Water Content of Gallstones: Location and Contribution to a Hypothesis Concerning Stone Structure

Authors

  • Roger D. Soloway,

    Corresponding author
    1. Gastrointestinal Section of the Department of Medicine, Hospital of the University of Pennsylvania and the University of Pennsylvania School of Medicine, Philadelphia, Pennsylvania 19104 and Micron, Inc., Wilmington, Delaware 19807
    • Roger D. Soloway, M.D., Gastrointestinal Section, Hospital of the University of Pennsylvania, 3400 Spruce Street, Philadelphia, Pennyslvania 19104.
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  • Eleanor B. Fayusal,

    1. Gastrointestinal Section of the Department of Medicine, Hospital of the University of Pennsylvania and the University of Pennsylvania School of Medicine, Philadelphia, Pennsylvania 19104 and Micron, Inc., Wilmington, Delaware 19807
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  • Bruce W. Trotman,

    1. Gastrointestinal Section of the Department of Medicine, Hospital of the University of Pennsylvania and the University of Pennsylvania School of Medicine, Philadelphia, Pennsylvania 19104 and Micron, Inc., Wilmington, Delaware 19807
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    • Dr. Trotman was the recipient of a Clinical Investigator Award from NIH (5K08 AM00235).

  • Norman E. Weston,

    1. Gastrointestinal Section of the Department of Medicine, Hospital of the University of Pennsylvania and the University of Pennsylvania School of Medicine, Philadelphia, Pennsylvania 19104 and Micron, Inc., Wilmington, Delaware 19807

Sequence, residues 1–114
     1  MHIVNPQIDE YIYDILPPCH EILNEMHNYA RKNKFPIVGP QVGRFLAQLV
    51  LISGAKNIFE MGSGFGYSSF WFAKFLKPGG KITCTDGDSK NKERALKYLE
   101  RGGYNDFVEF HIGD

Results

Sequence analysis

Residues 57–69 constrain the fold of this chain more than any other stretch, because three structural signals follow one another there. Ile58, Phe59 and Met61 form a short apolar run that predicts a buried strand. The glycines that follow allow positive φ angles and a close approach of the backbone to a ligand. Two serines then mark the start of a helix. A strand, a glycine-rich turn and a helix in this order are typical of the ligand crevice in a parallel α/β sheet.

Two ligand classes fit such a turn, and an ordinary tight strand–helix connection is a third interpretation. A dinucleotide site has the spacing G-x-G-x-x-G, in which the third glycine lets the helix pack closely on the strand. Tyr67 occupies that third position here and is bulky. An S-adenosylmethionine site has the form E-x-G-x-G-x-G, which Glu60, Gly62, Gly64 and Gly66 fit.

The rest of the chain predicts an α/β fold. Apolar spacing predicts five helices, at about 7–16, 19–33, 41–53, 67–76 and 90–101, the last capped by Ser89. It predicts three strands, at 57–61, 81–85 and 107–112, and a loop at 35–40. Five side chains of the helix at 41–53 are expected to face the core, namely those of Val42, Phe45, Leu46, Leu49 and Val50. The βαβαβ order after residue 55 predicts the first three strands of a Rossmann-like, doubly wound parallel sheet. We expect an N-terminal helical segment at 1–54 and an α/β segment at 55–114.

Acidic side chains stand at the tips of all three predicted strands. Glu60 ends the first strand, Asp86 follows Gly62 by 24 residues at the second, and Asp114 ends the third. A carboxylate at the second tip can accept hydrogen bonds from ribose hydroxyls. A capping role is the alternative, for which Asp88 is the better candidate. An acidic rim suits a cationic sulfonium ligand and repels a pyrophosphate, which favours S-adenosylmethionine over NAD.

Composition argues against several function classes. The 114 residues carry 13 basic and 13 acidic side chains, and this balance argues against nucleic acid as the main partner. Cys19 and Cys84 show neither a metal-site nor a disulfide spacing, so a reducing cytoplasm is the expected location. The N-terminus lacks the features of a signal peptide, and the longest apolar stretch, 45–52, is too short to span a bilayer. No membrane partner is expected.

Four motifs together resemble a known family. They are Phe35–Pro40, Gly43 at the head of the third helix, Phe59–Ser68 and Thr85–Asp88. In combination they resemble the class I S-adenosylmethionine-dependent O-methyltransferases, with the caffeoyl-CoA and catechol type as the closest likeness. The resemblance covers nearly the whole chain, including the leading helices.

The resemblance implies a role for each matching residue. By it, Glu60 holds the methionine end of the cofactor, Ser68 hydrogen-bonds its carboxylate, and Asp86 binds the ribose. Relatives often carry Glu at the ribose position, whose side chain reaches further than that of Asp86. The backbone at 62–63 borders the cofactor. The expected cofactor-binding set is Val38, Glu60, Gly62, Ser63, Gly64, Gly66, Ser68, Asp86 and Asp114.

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  • James F. Ficca Jr.

    1. Gastrointestinal Section of the Department of Medicine, Hospital of the University of Pennsylvania and the University of Pennsylvania School of Medicine, Philadelphia, Pennsylvania 19104 and Micron, Inc., Wilmington, Delaware 19807
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  • This work has also been reported in part in abstract form (Gastroenterology 73:1247, 1977).

Abstract

The water content of black pigment and cholesterol gallstones was evaluated with the use of moisture evolution analysis, electron spectroscopy for surface analysis, and X-ray diffraction. X-ray diffraction identified complex hydrated hydroxyapatite compounds in two stones. Moisture evolution analysis demonstrated that 18 pigment gallstones contained between 0.83 and 6.87% water; six cholesterol stones contained 0 to 0.27% (p < 0.001). When black stones were subdivided into subgroups containing large proportions of pigment, phosphate, or carbonate, the proportion of water evolved at each temperature was the same. Water content was inversely related to carbonate content (r = −0.81) and did not correlate well with other stone components. Electron spectroscopy for surface analysis independently suggested that water of hydration was present since the ratio of oxygen to other elements exceeded ratios in any known compound in stone. A peripheral-central gradient for water was absent in one stone which was analyzed in peripheral mid-, and central portions. Progressive removal of the surface of previously ground stone particles using an argon beam followed by repeated electron spectroscopy for surface analysis indicated that much of the water was present in the outer 20 to 50 Å of the particles. The data are consistent with the hypothesis that pigment stones form by deposition of calcium salts on an organic matrix and that hydrated water is associated with thin layers of calcium salts. These layers may be distributed throughout the stone; powdering appears to fractionate stones through these areas of hydrated calcium salts since oxygen was in highest concentration on the surface of powder particles.

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